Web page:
- to attribute or ascribe: The children imputed magical powers to the old woman.
- to attribute or ascribe (something discreditable), as to a person.
- Law. to ascribe to or charge (a person) with an act or quality because of the conduct of another over whom one has control or for whose acts or conduct one is responsible.
- Theology. to attribute (righteousness, guilt, etc.) to a person or persons vicariously; ascribe as derived from another.
- Obsolete. to charge (a person) with fault.
Origin of impute
1. See attribute.
Dictionary.com Unabridged Based on the Random House Unabridged Dictionary, © Random House, Inc. 2018
Examples from the Web for imputable
Or if he does believe so, it is his own individual mistake, not imputable to the demonstration.Aristotle
All personal preferences for certain forms of art are imputable to the predomination of the male or the female in the individual.Modern Painting, Its Tendency and Meaning
Willard Huntington Wright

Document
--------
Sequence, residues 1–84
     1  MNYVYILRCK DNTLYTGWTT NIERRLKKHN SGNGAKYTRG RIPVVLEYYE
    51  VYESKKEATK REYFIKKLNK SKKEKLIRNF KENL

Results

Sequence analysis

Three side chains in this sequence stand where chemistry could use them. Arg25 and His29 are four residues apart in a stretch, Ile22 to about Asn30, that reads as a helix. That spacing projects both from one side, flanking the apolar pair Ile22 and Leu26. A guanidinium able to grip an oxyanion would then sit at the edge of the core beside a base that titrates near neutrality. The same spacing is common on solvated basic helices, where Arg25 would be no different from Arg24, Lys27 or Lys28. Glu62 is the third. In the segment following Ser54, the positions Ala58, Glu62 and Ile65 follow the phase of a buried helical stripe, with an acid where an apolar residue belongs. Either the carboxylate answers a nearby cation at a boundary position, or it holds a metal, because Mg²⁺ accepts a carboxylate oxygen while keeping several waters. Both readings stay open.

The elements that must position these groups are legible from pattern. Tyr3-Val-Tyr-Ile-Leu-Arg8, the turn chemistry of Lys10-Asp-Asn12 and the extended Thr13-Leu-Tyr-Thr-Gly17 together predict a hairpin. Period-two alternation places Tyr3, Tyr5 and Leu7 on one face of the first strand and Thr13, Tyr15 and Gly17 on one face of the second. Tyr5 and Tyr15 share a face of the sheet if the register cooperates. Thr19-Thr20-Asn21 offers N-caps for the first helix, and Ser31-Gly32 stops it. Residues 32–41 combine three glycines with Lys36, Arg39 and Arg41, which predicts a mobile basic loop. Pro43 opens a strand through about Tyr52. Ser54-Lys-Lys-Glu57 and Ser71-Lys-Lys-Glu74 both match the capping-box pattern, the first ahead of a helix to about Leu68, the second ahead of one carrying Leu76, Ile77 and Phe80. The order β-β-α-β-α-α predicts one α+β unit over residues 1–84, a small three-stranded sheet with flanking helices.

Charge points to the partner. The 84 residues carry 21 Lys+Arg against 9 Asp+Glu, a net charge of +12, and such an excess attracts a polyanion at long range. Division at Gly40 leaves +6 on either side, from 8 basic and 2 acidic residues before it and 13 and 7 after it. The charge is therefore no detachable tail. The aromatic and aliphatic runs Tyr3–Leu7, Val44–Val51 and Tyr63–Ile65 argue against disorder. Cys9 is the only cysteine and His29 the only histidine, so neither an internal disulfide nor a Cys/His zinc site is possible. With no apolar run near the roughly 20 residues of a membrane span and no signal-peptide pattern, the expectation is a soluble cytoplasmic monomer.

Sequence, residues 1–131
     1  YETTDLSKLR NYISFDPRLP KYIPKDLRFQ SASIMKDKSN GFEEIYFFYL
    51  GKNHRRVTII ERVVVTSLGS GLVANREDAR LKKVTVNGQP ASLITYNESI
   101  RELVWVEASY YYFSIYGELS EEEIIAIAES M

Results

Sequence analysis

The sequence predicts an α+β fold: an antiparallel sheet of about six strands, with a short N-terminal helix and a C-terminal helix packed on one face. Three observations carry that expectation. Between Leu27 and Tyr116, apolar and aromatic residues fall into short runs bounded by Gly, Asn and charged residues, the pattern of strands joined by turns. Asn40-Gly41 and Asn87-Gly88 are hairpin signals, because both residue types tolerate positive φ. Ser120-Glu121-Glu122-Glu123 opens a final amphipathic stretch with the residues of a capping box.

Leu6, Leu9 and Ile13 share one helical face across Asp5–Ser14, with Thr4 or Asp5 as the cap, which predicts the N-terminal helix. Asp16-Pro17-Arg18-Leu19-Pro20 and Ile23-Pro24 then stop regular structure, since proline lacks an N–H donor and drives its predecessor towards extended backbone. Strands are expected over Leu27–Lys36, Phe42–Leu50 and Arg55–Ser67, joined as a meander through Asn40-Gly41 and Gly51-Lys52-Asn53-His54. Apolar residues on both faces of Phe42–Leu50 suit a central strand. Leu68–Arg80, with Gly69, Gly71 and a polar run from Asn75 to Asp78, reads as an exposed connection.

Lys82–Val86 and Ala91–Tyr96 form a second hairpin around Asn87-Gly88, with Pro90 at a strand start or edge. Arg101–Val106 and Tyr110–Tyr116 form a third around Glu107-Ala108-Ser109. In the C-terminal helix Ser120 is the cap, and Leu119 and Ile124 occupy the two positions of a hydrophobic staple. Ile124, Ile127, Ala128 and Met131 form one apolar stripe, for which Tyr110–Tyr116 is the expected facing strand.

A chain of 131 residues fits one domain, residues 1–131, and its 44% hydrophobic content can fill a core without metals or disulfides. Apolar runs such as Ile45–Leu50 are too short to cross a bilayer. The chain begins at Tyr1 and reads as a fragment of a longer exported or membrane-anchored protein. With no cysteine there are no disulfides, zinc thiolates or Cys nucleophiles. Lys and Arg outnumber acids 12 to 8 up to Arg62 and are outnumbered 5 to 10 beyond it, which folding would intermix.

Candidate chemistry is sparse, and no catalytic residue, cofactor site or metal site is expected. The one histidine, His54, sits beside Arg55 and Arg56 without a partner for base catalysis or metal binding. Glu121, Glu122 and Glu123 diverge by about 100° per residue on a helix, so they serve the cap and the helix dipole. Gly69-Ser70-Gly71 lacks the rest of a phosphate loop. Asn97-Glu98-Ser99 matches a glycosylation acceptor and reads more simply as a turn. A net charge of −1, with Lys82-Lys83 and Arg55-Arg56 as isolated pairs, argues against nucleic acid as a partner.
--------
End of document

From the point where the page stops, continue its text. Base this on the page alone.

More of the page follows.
But those errors were imputable to carelessness much more than to malice.
He was willing, therefore, to take all the blame which was imputable to this circumstance upon himself.
The first introduction of slaves is not imputable to the present generation, nor even to their ancestors.
- capable of being imputed; attributable; ascribable
- to attribute or ascribe (something dishonest or dishonourable, esp a criminal offence) to a person
- to attribute to a source or causeI impute your success to nepotism
- commerce to give (a notional value) to goods or services when the real value is unknown
C14: from Latin imputāre, from im- + putāre to think, calculate
Collins English Dictionary - Complete & Unabridged 2012 Digital Edition © William Collins Sons & Co. Ltd. 1979, 1986 © HarperCollins Publishers 1998, 2000, 2003, 2005, 2006, 2007, 2009, 2012
Word Origin and History for imputable
1620s, from Medieval Latin imputabilis, from Latin imputare (see impute).
Online Etymology Dictionary, © 2010 Douglas Harper